In the post-covid era, there’s a wealth of jobs that can be completed remotely. From UX-UI design, SEO and copywriting to accounting and engineering. The list truly is endless and more companies (such as Google, Dropbox, and Adobe) are becoming open-minded to the remote opportunities.

You might also be pleased to know that not every remote opportunity requires prior experience, a degree, or any other qualifications. There’s a small army of digital nomads working with no experience in marketing roles, copywriting jobs, social media positions and so much more.

But how do you find remote jobs? Well, the answer is remote job boards. The ones specialized in remote jobs for digital nomads include Remote Nomad Jobs, DailyRemote, RemoteOK, Working Nomads, NoDesk, Remote.co and WeWorkRemotely.

Start Freelancing

Freelancing is the second most popular employment form among digital nomads, but before the pandemic, it was the primary method used to become a digital nomad.

Some of the most popular freelancing careers include graphic designers, personal assistants, copywriters, editors, photographers, web developers, and translators. In the remote work world, there’s the demand for almost anything. With the right skill set and solid connections, anything is possible.

To help get started on the path to freelancing success, platforms such as Fiverr, Upwork, Toptal, and BrainTrust are all fantastic starting points. Most freelancers will, however, migrate away from these platforms as they build experience.

Learn more about how to become a freelancer:

How to Become a Remote Freelancer (and Work from Anywhere)
Master the journey to freelancing with our 7-step guide. Explore advantages, challenges, and potential benefits of this dynamic career path.

Launch your own remote business

Launching your own remote business is the most difficult path to becoming a digital nomad but also the most lucrative and rewarding.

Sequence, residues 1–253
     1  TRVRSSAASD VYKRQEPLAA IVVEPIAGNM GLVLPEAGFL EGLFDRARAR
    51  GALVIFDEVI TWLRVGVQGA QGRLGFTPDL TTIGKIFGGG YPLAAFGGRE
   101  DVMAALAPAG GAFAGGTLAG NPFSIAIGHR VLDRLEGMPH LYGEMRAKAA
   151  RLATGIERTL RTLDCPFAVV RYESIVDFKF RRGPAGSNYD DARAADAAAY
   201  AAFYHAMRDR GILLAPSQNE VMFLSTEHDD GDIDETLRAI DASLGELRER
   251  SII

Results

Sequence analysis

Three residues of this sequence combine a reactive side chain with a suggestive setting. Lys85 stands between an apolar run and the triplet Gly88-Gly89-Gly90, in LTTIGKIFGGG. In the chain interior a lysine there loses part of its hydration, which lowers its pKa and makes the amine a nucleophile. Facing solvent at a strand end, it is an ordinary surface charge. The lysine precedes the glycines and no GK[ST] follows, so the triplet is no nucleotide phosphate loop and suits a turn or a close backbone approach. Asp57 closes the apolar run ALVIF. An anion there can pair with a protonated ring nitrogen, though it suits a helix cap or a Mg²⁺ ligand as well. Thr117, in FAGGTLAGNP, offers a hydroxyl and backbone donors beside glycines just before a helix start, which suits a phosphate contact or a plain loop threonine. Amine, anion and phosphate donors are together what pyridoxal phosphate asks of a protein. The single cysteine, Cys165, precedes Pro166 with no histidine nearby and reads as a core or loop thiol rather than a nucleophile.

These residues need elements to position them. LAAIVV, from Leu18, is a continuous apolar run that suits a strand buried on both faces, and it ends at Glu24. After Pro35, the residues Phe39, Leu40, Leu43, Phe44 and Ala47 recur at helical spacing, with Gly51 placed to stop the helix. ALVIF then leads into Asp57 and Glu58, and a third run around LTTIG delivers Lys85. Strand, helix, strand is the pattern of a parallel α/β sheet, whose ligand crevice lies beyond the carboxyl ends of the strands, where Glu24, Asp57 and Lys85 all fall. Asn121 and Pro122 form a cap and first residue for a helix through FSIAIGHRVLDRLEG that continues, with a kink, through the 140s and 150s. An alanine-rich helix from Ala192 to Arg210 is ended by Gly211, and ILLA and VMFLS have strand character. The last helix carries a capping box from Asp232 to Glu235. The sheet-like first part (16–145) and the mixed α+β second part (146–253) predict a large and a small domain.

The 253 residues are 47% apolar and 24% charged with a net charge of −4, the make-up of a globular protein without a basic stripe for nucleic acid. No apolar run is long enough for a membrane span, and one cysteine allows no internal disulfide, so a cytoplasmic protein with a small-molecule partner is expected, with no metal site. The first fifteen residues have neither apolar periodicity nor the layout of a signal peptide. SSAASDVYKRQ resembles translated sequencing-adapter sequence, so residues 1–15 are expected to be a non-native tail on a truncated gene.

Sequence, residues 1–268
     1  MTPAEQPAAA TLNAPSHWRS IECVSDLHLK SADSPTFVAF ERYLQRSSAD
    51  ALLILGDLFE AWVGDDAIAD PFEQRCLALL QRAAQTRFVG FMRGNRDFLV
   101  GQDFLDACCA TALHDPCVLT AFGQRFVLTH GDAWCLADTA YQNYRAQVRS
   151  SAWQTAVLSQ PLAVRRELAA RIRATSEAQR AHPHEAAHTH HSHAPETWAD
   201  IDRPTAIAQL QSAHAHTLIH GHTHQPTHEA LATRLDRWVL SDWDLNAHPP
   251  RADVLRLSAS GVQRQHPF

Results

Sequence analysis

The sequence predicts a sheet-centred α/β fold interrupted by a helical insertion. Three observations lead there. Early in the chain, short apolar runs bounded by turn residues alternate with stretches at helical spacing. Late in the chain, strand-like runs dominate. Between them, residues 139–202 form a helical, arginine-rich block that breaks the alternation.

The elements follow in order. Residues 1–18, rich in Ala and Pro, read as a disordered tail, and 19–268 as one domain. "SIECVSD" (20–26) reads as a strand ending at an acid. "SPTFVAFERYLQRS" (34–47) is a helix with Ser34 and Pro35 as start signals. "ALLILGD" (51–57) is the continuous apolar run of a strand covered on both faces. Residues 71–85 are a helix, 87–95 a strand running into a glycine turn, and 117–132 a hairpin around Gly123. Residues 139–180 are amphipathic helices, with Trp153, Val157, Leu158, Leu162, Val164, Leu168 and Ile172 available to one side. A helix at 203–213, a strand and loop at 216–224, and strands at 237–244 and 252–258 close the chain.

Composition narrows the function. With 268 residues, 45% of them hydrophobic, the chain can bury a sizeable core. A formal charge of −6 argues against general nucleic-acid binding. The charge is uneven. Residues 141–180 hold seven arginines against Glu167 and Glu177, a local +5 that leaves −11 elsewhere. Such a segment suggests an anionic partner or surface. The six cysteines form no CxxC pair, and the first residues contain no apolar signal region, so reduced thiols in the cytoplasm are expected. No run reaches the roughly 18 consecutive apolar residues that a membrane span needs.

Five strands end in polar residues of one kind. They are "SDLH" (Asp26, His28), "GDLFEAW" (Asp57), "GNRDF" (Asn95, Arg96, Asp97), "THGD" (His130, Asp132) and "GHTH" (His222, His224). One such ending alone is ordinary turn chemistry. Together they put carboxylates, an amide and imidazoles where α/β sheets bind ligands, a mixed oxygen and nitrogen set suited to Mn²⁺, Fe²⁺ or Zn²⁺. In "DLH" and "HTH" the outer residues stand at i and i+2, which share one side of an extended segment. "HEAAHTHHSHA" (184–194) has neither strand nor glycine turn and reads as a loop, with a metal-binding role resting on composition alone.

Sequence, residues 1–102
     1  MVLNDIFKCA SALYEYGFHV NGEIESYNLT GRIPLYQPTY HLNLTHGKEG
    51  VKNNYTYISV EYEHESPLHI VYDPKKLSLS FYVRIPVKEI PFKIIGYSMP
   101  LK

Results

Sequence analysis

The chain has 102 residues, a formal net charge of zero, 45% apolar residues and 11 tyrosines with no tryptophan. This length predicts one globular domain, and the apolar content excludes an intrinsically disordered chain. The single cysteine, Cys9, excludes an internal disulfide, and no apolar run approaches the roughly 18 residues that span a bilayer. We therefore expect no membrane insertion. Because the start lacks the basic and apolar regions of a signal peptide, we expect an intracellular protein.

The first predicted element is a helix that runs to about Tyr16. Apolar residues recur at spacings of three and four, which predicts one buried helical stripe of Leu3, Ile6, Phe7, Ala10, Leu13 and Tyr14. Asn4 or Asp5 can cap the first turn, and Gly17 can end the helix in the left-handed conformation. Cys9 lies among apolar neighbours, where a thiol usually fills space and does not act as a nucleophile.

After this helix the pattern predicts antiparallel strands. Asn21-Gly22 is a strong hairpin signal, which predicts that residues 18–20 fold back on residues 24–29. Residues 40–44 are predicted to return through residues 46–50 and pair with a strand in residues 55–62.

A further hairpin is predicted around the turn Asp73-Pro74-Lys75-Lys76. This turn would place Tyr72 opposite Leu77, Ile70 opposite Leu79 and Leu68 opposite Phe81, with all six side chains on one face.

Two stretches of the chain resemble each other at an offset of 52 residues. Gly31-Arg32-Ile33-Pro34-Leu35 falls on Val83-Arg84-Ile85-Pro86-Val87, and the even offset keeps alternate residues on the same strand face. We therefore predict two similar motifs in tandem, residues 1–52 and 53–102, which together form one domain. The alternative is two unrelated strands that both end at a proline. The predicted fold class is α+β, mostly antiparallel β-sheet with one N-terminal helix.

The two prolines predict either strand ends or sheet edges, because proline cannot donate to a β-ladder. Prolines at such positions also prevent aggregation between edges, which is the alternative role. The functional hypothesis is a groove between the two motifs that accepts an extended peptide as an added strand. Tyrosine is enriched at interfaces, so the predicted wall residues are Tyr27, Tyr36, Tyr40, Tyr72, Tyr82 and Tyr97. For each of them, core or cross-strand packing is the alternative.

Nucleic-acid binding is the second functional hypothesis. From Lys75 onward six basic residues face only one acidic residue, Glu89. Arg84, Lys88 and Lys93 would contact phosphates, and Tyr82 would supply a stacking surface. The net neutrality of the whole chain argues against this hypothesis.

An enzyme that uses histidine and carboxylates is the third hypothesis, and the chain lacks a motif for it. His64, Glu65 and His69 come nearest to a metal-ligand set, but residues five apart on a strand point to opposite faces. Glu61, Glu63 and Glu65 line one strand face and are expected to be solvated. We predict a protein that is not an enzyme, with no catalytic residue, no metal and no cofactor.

There’s a long list of remote business ideas out there. From eCommerce and dropshipping to affiliate marketing and SaaS services. The opportunities are endless. The execution, though, is the hard part

Many digital nomads often also turn to content creation as a good way to fund their travels as they go. A strong following can lead to lucrative brand deals, partnerships, and even the opportunity to release products. So, if you are a travel lover, you might even use this passion to document your travels and use it as a path to becoming a digital nomad like many do.

4. Pick the Right Destination for You

Digital nomad in a pool in Bali

Once, you've decided that digital nomadism is the right direction for you and you’ve secured a remote source of income, now comes the fun part: planning the perfect destination for you. Sites like Nomad List are a great place to get some inspiration on new digital nomad destinations.

And if you don't know exactly what you should look for in a good digital nomad destination, here are the top criteria to look at.

A place you can afford

The freedom to live anywhere, specifically more affordable places, is one of the main benefits of digital nomads. If you’re just starting, it’s these low-cost destinations that will help you learn the ropes without risking too much capital.

A place you are legally allowed to visit

Legal issues are another key consideration that digital nomads all have to make. Depending on your home country, you may be limited by your passport, visa options (although many digital nomad visas are often available), health insurance requirements, and tax compliance.

Always read up on the government's advice about the country that you are planning to travel to. This will give a good overview of the legal considerations that you must make. If you are instead serious about getting a new base that could be optimized for your lifestyle, you might want to consider speaking to a tax specialist like Heavnn or Offshore Citizen.

Learn more about digital nomad taxes:

Digital Nomad Taxes: How to Legally Travel & Work Remotely
Learn how to navigate the complex tax rules for digital nomads. This guide covers residency, income, tax systems, nomad visas and more.

A place that’s safe to go